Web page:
Elephant haemoglobin, like the human form, more readily releases oxygen at higher temperatures. That comes down to the energetics of breaking its hold, but it also means that harder-working (and therefore warm) muscles can take a greater share. This can be a serious issue if body-parts get too cold – they can suffocate to death. This is a danger for trekking around Siberia, even if you are large and hairy.

Researchers from the University of Manitoba, Canada, compared the haemoglobin genes of woolly mammoths to those of an Asian elephant from a nearby zoo. They noticed that there were four mutations that led to changes in the amino acid chains of the haemoglobin proteins.

Without any mammoth blood to hand, it can be very difficult to work out the effect of these changes. Fortunately, although we can’t resurrect a full mammoth now, we can insert the haemoglobin DNA into bacteria and resurrect one small part of them.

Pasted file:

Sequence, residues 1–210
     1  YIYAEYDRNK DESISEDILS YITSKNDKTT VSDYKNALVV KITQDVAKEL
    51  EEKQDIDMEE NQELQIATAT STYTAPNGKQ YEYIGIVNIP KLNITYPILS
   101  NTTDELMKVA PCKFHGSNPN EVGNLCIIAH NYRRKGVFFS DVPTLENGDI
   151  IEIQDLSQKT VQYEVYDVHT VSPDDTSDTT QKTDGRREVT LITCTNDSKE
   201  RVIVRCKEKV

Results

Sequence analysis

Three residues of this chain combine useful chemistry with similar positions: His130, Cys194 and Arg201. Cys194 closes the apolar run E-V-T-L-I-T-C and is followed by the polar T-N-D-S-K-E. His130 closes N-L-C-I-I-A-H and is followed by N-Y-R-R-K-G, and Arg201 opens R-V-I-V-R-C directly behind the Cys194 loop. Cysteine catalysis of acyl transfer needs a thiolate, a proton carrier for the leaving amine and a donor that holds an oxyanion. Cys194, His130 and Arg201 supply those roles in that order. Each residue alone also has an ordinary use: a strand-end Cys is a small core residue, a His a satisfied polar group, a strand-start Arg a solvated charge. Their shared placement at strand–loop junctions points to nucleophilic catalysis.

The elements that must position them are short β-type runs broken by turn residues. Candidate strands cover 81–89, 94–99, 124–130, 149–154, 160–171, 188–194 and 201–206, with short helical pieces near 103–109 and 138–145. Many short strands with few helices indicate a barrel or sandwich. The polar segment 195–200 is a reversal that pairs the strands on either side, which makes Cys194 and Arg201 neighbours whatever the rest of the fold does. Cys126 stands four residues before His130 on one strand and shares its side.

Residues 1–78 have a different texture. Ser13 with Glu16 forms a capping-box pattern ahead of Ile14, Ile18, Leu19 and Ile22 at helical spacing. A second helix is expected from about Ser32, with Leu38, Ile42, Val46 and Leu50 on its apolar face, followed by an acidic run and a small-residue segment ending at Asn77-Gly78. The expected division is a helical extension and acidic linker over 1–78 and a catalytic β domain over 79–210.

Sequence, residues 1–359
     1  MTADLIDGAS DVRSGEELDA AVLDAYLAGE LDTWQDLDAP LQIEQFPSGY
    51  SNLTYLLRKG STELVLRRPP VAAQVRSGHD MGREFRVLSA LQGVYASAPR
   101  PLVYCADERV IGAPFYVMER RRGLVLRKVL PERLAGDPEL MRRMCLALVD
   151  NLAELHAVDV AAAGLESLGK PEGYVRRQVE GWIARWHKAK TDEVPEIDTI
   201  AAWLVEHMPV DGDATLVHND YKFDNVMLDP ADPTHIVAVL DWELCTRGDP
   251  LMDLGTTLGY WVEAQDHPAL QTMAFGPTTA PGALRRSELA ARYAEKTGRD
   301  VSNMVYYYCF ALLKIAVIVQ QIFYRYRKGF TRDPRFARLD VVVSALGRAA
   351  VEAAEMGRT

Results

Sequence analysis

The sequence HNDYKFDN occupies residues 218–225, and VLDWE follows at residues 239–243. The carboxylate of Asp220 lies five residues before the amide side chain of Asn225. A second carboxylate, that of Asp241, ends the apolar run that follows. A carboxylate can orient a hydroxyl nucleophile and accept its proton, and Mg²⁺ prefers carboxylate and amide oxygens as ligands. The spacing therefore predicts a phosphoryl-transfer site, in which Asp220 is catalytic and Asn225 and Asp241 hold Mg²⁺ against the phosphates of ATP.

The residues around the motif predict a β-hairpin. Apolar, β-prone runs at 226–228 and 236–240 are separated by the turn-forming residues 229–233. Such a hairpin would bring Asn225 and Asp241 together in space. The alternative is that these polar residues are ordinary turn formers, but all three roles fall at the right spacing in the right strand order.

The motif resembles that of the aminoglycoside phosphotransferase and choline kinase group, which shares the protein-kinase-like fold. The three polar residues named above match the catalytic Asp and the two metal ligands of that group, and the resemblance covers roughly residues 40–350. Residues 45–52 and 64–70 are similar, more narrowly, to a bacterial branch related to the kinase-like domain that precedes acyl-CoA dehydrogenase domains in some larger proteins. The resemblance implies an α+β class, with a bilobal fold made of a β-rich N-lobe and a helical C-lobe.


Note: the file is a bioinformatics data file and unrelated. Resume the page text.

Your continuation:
With the bacterium-produced mammoth haemoglobin, the researchers could run the tests needed to confirm that it was indeed adapted to the cold. Rather than the strong link to temperature seen in elephants, the mammoths’ haemoglobin can release oxygen at a similar level over a wide range of temperatures.

The structure of haemoglobin, with the blue regions showing where the mammoth mutations are

The structure of haemoglobin, with the blue regions showing where the mammoth mutations are (Credit: K Campbell et al, 2010)